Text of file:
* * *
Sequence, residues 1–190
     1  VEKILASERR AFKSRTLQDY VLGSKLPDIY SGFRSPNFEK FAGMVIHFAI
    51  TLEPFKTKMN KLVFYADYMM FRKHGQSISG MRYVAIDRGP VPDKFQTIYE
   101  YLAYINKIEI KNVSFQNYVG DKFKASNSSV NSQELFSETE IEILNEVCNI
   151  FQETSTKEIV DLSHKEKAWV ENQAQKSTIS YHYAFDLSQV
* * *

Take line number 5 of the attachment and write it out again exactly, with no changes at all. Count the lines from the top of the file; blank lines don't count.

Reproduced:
   151  FQETSTKEIV DLSHKEKAWV ENQAQKSTIS YHYAFDLSQV